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Such displays were a part of nearly every large circus show, and were specifically featured at several World Fairs, including the Chicago Columbian Exhibition of 1893 and the St. Louis Exhibition of 1904. From the colonized worlds of South and Southeast Asia, North Africa, West Africa, Arabia, and East Asia, communities of people—purchased—were displayed to the industrious white families of American cities. A forgotten example is the case of Appoo Hamid, who, the New York Times reported, was a “freak from India” imported for Barnum & Bailey’s Great Show. The report, from March 28, 1896, describes him as follows:

“Some difficulty, too, was experienced with Appoo Hamid, the dwarf, who is said to represent the lowest type of the human race yet discovered. He is about 28 inches high, and is not particularly attractive. He has just passed his thirtieth birthday.”

The “Indian curiosities” were housed at 115 West 27th Street and “a crowd collected around the house” which the “police had to clear,” according to the New York Times. Hamid, the report says, was “the only dwarf of the Indian type ever sent to America. Several ethnologists have pronounced him to be the nearest thing to a baboon yet discovered. He clung very closely to the steam radiator yesterday, putting his arms around it. There is practically no bridge to his nose, and it is seldom that a gleam of intelligence lights up his countenance.”

In the report, there is a distinct and deliberate—and disturbing—racial and civilizational contextualization of Hamid that is created for the spectacle he is promised to offer. The illustration that accompanies the report—Hamid is shown naked from the waist up, with his hands at his side, a dull countenance on his face—makes this case most clearly. Compare the illustration to the description the report provides of his arrival to the house: “The dwarf emerged from the couch clad in a pair of golf stockings and a smoking jacket. He chewed gum violently.” The unclothed individual is a spectacle purchased by Barnum & Bailey’s Great Show, not an angry human who was sold into bonded labor.

There is scant information available about Appoo Hamid but newspapers did report on his presence at the St. Louis Exposition in 1906 and published a short note that he committed suicide in 1908.

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Hamid’s immigrant experience was duplicated by Ota Benga, who was brought to New York from the Congo in 1906 by businessman Samuel Verner as an example of an African pygmy. He was placed at the Bronx Zoological Gardens (now the Bronx Zoo) and put on display in the monkey house. The New York Times gleefully reported that if he had not been “rescued” by Verner, Benga would have been eaten by his own people. The depiction of Ota Benga as either a cannibal or an animal were made through illustrations and photographs accompanying reports—either with sharpened teeth, or carrying a monkey. Benga rested uneasily in the Bronx Zoo and was soon sold to a circus and displayed at the St. Louis Exposition in 1904. He was later released into a Colored Orphan Asylum, where he lived for 10 years before committing suicide.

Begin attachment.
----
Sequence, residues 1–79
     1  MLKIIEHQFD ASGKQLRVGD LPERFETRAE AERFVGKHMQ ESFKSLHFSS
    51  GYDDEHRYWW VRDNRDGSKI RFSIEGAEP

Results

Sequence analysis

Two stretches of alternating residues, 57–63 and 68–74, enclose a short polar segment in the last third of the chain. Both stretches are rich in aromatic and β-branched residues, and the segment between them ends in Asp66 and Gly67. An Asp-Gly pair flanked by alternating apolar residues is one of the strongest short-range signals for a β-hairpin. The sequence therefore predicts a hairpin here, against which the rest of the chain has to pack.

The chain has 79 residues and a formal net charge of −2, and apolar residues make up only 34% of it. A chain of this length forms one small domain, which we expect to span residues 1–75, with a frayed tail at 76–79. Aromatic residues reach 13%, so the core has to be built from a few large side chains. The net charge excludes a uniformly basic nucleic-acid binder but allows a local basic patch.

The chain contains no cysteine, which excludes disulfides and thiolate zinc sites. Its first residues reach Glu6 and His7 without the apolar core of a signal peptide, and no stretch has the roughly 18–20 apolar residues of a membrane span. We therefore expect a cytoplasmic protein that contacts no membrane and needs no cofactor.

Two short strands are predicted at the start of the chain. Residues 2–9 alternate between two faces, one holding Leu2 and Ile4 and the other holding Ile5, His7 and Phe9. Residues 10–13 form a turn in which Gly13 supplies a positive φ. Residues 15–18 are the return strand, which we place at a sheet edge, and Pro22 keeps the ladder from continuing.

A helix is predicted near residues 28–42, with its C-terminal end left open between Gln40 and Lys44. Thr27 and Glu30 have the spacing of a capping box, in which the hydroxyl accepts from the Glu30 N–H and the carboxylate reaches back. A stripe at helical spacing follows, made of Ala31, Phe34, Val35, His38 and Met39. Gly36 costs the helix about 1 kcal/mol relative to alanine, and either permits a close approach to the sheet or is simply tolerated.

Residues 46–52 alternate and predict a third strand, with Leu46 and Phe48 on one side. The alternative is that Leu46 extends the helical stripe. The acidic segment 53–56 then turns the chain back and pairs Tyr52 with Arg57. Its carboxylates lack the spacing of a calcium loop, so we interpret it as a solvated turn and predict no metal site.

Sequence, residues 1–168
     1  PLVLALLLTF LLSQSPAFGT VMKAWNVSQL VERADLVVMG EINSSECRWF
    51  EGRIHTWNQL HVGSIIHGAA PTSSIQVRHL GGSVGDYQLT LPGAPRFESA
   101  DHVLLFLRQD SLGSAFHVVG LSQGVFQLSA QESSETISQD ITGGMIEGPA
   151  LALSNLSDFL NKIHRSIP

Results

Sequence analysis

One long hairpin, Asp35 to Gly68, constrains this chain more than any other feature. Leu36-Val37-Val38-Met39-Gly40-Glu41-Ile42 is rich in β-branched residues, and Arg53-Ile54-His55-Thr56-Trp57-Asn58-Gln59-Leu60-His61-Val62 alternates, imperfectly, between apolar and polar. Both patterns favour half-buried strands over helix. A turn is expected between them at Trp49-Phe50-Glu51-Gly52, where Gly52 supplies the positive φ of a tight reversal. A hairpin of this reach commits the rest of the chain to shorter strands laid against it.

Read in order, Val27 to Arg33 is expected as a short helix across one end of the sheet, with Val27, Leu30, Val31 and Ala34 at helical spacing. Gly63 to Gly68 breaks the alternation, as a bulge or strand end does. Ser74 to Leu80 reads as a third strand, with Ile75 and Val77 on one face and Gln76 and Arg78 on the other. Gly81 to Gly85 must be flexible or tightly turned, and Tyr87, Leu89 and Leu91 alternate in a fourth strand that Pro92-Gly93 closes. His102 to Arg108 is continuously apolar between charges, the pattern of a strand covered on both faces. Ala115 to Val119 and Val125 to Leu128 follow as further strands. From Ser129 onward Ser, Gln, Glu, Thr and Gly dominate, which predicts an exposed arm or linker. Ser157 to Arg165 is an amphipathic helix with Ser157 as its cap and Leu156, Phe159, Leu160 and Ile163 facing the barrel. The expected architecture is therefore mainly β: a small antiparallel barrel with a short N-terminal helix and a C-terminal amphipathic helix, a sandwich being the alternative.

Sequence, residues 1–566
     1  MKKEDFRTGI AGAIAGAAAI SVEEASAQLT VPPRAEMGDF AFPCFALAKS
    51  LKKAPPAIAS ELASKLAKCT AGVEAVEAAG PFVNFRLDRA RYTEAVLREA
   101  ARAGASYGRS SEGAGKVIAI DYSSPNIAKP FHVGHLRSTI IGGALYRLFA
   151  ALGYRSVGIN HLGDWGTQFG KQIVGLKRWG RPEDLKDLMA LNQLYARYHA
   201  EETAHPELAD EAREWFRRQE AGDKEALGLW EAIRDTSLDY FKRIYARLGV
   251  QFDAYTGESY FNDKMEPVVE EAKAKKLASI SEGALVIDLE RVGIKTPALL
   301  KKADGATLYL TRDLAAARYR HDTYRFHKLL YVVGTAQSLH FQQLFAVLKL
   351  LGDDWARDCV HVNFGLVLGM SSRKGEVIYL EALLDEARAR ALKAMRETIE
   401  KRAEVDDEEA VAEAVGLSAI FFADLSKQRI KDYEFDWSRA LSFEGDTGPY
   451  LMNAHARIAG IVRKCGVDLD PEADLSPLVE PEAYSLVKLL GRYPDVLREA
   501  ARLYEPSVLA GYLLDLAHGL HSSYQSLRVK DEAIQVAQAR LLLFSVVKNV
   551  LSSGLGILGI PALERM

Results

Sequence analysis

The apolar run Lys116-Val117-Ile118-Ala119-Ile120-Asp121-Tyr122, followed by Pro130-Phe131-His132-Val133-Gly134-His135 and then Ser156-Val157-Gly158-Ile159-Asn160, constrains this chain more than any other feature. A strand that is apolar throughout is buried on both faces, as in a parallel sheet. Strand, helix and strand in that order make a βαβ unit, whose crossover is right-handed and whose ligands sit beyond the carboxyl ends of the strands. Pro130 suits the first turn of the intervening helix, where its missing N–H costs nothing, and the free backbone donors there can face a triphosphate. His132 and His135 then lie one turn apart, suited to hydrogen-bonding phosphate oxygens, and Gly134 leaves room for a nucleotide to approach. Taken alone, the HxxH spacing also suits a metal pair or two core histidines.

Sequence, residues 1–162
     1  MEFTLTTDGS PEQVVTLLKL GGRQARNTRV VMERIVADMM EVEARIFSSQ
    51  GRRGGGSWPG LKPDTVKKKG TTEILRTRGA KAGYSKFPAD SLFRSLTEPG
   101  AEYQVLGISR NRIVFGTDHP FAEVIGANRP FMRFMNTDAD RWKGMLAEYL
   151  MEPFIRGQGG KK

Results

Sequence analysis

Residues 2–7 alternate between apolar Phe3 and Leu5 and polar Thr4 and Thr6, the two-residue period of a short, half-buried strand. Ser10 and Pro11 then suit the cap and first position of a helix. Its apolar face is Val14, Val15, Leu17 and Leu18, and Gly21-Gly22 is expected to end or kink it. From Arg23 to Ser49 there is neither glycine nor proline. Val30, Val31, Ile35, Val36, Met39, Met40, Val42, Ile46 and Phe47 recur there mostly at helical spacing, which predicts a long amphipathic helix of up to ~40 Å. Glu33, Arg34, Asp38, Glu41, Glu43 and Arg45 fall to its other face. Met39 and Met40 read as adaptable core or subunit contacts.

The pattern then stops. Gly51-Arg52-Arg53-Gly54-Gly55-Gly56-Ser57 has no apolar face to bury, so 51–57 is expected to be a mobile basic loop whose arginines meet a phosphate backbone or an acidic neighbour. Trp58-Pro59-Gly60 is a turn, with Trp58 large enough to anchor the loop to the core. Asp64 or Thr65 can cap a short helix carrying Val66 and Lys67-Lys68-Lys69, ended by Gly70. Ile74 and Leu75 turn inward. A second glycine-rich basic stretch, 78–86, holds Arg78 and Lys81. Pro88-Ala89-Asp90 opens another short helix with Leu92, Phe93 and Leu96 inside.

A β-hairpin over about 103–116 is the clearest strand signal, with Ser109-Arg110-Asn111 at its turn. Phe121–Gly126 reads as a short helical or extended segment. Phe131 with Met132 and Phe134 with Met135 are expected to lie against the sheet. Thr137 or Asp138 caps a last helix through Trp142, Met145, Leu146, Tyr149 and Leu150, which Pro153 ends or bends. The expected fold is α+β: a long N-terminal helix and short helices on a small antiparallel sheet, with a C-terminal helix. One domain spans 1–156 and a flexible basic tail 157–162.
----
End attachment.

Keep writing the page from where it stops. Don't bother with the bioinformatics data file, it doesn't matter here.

Kara Walker’s attempt at confronting spectators with a grotesque body engaged with only one aspect of the history of black and brown bodies in America: It highlighted the deep roots of female labor in sugar plantations and refineries. What it left out was that brown and black bodies were not just used on farms, plantations, and factory floors; they were also trumped up in orientalist and racist garbs (“Sphinx” like) and put on display for entertainment. The lost histories of Appoo Hamid and Ota Benga document the abuses of social spectacle in American past. Their lives were made remarkable by spectacle alone. They were forced to play a role in a cultural and political conversation that imprisoned them, stripped them of their humanity, and displayed them.

The prospect of gawking, exclaiming, and comparing our bodies to others that created the spectacle of the late 19th and early 20th century remains a pivotal part of the framing of black and brown bodies in contemporary America. We can trace its contours in the dehumanized prison populations, in the rhetoric of legality attached to refugees and migrants, and in the surveillance enacted upon specific faiths. Yet the community of spectators, which creates the spectacle, remains un-critically hidden. We are all looking at “A Subtlety,” but in some ways, we should be looking at ourselves.